Today, we helped the remote sensing department set up and move around targets. It was nice to get out of the lab and out into the sunshine!
Wednesday, July 28, 2010
Today, I coerced Madeleine into getting a Facebook. Just a couple minutes after some intensive Facebook-friendly, Facebook sent her a message saying that she was being "annoying" and basically a stalker. And so now she can't add any more friends and we're sad.
Today, we cropped more samples and ran them through IDL and pasted the numbers into excel.
And that is all.
Tuesday, July 27, 2010
This is a little irrelevant, but I checked some other interns' pages and I guess some of us have been having so much fun that we've lost track of the days. Time flies when you're having fun! Me, Sean, Billy, and Amy think that today was the sixteenth day. Ethan, Kevin, and Luke think today was the fifteenth day. Naba, Cicely, Reiner, Ben, Ory, Toni, Rebecca, Octavia, and Madeleine were smart enough to use the date, not the day, to post their blogs.
I just counted, and today is indeed the sixteenth day. (Yay for me, sean, billy, and amy!) Of course, perhaps some people took a day off and is only counting working days. I'll give them the benefit of the doubt. :)
I noticed that practically no one else blogged about the blindness simulation this morning....
Anyway, we were left in a dark room for a couple minutes, then we were taken out on a quick walk in the bright building with one eye covered. When we went back into the dark room, we found that we were partially blind. And our task was to explain this.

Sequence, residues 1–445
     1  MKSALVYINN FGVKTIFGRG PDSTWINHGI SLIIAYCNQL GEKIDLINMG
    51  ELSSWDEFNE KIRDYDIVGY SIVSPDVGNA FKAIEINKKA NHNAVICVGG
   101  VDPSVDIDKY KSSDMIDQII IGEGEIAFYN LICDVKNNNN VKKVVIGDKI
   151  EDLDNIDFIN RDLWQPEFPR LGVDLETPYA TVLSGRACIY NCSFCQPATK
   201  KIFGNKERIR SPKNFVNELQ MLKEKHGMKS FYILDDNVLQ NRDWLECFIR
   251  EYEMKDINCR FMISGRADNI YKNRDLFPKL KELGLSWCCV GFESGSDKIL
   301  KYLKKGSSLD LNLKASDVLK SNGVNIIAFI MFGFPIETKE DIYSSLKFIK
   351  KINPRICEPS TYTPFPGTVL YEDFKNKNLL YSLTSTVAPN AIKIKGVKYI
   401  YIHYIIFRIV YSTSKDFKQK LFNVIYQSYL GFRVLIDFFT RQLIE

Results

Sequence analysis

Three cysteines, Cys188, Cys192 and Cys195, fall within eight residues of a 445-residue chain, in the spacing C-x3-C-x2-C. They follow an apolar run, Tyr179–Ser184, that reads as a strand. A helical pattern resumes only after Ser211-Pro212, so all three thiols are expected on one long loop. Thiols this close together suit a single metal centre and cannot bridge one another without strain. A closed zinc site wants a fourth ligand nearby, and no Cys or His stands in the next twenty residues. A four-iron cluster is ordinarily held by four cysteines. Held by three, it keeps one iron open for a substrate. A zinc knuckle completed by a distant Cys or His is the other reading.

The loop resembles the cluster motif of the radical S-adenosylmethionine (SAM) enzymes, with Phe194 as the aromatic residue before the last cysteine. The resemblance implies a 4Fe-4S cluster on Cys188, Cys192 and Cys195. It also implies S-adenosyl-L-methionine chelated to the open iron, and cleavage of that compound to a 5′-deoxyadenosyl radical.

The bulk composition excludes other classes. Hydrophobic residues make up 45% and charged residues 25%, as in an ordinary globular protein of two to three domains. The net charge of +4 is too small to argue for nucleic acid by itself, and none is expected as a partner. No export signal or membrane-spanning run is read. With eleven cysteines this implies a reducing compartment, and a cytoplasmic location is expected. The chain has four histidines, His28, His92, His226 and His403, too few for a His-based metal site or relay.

Well to be perfectly honest, I made some sad attempts to explain it myself (I AM in, after all, eye imaging and should therefore know something or other about eyes...), but all I could come up with (after looking through my notes) is that our eyes accommodated to the darkness (which is when your optical lens changes shape to focus under different situations). After leaving the dark room (with one eye still accommodated to the darkness since that eye was covered), the non-covered eye accommodated to the light during our walk. Upon returning to the dark room and opening the covered eye, each eye sent conflicting impulses to the brain (perhaps due to the differences in contrast and brightness) and being unable to process the information, we were rendered temporarily blind. Oh, and I believe the pupils must be vastly different sizes as well (larger in the covered eye, smaller in the non-covered eye), which may or may not have had some part in the simulation.